Background: Prophylactic pancreatic stenting is widely used by expert biliary endoscopists to prevent post-ERCP pancreatitis (PEP); nonsteroidal anti-inflammatory drugs (NSAIDs) are thought to prevent PEP. Objective: To assess the use of pancreatic stenting and NSAIDs for PEP prophylaxis among endoscopists and its determinants. Design: A survey was distributed to 467 endoscopists attending a course on therapeutic digestive endoscopy. Intervention: Completed surveys were collected from 141 endoscopists performing ERCP in 29 countries (answer rate 30.2%); practices were most often located in community hospitals with an annual hospital volume of ≤500 ERCPs (in Belgium, Spain, Italy, and France in about half of cases). For all conditions listed, including needle-knife precut, previous PEP, suspected sphincter of Oddi dysfunction, and ampullectomy, less than half of the endoscopists reported attempting prophylactic pancreatic stenting in ≥75% of cases. Thirty (21.3%) survey respondents did not perform prophylactic pancreatic stenting in any circumstance; this was mainly ascribed to lack of experience. Measurement of PEP incidence and an annual hospital volume of >500 ERCPs were independently associated with the use of prophylactic pancreatic stenting (P = .005 and P = .030, respectively). Most survey respondents (n = 118, 83.7%) did not use NSAIDs for PEP prophylaxis. This was mainly ascribed to lack of scientific evidence of its benefits. Main Outcome Measurements: Proportion of cases in which pancreatic stenting is attempted during ERCP; reasons for not using prophylactic pancreatic stenting or NSAIDs. Limitations: Survey, not an audit of practice. Conclusions: Despite scientific evidence of its benefits, use of prophylactic pancreatic stenting is not as widely adopted as previously thought; use of NSAIDs for PEP prophylaxis is marginal.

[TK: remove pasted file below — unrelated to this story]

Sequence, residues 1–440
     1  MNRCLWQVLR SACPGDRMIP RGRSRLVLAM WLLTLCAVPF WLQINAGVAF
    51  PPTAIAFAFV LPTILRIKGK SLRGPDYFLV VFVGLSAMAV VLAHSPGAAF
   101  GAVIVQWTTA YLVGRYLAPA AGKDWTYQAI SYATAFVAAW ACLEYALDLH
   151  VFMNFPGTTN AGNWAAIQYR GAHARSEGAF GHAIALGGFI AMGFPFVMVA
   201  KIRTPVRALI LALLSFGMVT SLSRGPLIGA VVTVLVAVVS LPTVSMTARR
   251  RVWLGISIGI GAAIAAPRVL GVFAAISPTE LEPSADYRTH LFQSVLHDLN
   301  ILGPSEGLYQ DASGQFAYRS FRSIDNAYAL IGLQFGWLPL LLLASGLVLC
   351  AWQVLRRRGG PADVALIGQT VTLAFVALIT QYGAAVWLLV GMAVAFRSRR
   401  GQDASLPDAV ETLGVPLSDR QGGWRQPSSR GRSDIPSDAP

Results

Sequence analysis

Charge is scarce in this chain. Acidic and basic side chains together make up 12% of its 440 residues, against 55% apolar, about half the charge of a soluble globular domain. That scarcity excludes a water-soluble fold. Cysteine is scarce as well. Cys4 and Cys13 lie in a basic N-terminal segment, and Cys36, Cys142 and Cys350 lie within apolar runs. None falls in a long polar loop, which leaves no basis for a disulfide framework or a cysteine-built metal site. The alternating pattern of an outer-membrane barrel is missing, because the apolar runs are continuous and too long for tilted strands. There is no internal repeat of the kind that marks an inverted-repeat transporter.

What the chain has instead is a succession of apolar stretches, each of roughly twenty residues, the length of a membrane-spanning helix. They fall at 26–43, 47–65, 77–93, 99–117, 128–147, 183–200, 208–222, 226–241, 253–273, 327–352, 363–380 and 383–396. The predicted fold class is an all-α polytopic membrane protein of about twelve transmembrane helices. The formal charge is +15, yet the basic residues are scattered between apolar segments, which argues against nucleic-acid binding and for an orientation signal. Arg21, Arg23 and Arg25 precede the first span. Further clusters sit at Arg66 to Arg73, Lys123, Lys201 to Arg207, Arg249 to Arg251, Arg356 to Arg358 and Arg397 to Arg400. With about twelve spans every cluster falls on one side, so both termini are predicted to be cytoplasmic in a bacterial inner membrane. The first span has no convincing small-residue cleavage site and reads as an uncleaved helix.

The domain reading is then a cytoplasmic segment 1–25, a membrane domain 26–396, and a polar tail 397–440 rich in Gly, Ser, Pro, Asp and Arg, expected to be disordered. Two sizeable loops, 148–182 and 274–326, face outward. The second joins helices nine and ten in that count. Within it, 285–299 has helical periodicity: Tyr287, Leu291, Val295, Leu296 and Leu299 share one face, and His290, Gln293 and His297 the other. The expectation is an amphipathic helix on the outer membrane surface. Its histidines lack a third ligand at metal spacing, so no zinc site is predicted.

All Science Journal Classification (ASJC) codes
- Radiology Nuclear Medicine and imaging